The many and varied barriers to sports participation for Muslim women
There can be no doubt that Muslim women face more barriers than most when attempting to take part in sport, whether as an amateur or as a professional.
The modern pentathlon is one of the most demanding events in the calendar, comprising swimming, horse riding, fencing, running and shooting.
Medany is heading towards her peak and yet she is considering retirement after this year’s Games and all because of what she is being required to wear to participate.
She competed as a 15 year-old at the Athens Olympics in 2004 and finished 8th in Beijing in 2008. It was disappointing to her supporters back in Egypt and the Egyptian media were unsympathetic.
But difficult relations with the media were never going to deter her. It was a decision in 2009 by swimming’s governing body the Federation Internationale de Natation (Fina) that has put her future in doubt.
Changes to the regulations about what constitutes legal swimwear mean that full body swimsuits are outlawed.
The Union Internationale de Pentathlon Moderne (UIPM), modern pentathlon’s governing body, fell into line.
Medany’s religious beliefs mean that she must wear a full body suit but the new rules state that female swimwear “shall not cover the neck, extend past the shoulder, not extend below the knee.”
“I might have to choose after London 2012. I might have to leave,” she says. The UIPM refuses to make an exception and Medany refuses to compromise her faith.
In another story that has been developing for some time, the Fédération Internationale de Football Association (FIFA) has refused to overturn a ban on women playing football in headscarves and so has left thousands of women and girls in limbo.
The ban was originally introduced after doubts were raised about the safety of athletes wearing the hijab. There have been no reported cases of injury anywhere in the world, but they are still considered a danger.
FIFA does allow women to wear a headscarf in confederations cups and games sanctioned by national football authorities but not at the highest level, for example in Olympic Games and World Cups.
FIFA’s Asian vice-president Prince Ali Bin Al Hussein of Jordan has been campaigning vigorously against the ban and seemed to have succeeded when in March the International Football Association Board (IFAB), which maintains the laws of the game, agreed that two new hijab designs with Velcro or magnetic fastenings were acceptable.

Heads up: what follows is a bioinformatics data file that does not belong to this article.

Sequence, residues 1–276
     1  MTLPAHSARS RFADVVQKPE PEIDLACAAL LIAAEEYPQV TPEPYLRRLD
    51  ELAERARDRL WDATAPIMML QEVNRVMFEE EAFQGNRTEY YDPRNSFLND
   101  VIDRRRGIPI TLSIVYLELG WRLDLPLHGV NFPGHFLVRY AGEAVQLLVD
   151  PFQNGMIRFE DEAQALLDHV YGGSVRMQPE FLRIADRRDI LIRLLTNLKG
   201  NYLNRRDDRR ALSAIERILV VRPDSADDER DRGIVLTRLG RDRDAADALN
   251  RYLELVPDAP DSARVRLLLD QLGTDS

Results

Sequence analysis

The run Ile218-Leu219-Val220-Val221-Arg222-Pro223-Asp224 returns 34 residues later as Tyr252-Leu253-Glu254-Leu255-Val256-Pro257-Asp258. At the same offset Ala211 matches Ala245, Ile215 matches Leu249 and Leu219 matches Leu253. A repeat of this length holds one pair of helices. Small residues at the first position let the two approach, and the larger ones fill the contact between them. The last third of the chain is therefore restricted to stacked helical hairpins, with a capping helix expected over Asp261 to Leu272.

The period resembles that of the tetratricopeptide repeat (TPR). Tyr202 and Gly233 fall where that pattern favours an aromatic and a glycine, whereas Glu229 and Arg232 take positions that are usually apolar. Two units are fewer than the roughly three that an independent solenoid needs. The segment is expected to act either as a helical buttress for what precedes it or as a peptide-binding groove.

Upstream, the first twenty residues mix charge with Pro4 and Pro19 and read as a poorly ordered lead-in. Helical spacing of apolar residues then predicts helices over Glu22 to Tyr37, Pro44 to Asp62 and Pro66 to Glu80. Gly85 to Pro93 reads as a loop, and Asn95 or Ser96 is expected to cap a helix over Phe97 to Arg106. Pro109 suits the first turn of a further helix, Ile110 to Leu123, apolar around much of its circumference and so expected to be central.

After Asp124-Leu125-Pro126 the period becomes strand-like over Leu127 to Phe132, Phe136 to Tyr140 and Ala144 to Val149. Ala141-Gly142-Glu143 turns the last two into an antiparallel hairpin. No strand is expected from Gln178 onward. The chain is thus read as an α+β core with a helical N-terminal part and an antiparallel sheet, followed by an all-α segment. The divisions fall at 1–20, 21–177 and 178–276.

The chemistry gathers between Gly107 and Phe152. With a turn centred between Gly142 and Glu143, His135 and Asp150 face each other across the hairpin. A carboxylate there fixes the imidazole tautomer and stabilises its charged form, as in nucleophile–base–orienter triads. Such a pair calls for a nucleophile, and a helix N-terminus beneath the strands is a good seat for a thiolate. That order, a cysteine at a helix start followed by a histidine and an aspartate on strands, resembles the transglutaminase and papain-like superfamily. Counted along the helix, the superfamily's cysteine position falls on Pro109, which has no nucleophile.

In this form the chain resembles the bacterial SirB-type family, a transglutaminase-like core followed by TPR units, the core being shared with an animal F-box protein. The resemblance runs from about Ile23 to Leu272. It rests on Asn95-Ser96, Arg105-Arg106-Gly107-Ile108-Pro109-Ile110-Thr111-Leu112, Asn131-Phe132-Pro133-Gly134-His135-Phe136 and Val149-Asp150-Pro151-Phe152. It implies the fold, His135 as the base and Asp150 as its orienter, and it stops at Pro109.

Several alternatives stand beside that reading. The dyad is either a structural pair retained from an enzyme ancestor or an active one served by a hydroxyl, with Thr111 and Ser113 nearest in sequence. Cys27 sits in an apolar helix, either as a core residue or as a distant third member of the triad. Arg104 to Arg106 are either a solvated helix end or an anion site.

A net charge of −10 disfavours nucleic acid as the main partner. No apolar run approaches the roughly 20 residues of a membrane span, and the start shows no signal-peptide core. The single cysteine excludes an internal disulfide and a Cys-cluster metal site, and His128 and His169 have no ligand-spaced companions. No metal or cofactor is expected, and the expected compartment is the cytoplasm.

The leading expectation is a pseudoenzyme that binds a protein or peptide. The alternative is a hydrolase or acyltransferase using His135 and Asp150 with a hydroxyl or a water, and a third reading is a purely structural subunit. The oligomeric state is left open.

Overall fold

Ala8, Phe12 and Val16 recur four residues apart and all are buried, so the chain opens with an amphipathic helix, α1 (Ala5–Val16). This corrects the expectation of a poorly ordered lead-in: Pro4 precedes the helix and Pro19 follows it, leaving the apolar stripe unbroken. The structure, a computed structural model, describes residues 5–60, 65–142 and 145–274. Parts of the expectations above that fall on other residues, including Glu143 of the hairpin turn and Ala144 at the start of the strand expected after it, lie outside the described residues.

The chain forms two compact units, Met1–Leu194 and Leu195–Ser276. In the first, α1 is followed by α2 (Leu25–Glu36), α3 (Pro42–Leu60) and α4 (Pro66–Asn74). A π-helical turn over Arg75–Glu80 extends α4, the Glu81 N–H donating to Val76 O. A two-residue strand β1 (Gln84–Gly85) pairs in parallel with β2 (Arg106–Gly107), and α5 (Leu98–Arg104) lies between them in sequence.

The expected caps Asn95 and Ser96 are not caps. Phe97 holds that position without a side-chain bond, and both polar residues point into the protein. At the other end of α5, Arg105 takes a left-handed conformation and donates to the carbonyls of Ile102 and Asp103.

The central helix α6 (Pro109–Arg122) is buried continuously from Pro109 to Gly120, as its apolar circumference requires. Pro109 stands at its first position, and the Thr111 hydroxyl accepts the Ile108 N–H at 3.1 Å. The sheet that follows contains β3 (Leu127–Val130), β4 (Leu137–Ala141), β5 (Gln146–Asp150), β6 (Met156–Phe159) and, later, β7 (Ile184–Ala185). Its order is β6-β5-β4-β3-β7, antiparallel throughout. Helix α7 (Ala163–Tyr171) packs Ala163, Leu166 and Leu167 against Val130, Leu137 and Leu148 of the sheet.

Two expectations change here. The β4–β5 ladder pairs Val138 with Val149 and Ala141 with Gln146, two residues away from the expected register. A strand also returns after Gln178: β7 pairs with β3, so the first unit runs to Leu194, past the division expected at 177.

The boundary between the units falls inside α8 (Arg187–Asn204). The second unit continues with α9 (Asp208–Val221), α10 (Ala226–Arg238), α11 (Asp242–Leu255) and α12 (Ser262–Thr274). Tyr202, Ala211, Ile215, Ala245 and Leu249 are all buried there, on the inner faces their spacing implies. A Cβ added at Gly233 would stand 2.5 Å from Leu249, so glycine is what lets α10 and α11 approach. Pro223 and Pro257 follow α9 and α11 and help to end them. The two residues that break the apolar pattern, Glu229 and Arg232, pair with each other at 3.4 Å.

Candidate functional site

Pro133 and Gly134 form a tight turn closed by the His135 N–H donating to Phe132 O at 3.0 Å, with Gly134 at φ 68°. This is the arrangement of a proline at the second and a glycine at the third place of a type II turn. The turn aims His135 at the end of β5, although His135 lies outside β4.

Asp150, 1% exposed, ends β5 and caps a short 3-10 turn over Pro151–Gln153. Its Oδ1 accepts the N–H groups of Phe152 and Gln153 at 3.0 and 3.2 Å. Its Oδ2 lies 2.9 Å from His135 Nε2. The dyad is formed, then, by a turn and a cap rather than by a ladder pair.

However, in a press conference at the end of May, FIFA’s Medical Committee chairman, Michel D’Hoohge told reporters that the designs were still not safe.
He insisted that neck injuries could be caused if a hijab was pulled, it could cause head lesions, or damage the carotid artery and there were concerns about the amount of heat generated inside the scarf.
Prince Ali Bin Al Hussain expressed his shock at the apparent about-turn:
“I am usually not very emotional but this is very important. There are women serving in combat zones across the world and many of them are wearing the headscarves so I am disturbed by this being used as an argument.
:All we are asking is for women to be allowed to play football. This affects many, many Muslim women. I hope this issue is being treated with the same respect and seriousness that other issues are…The issue will certainly not go away.”
There must be considerable chance now that the IFAB recommendation to approve the scarf design will be rejected when it meets on 5 July in Zurich.
Thus while the talk in high places is very much concerned with increasing the opportunities for Muslim women and girls to participate in sport, not only are the barriers still there, but are increasing.
If these sportswomen are ever to achieve a degree of equality those fighting against these barriers will have to raise their voice and stick to their guns, as it were.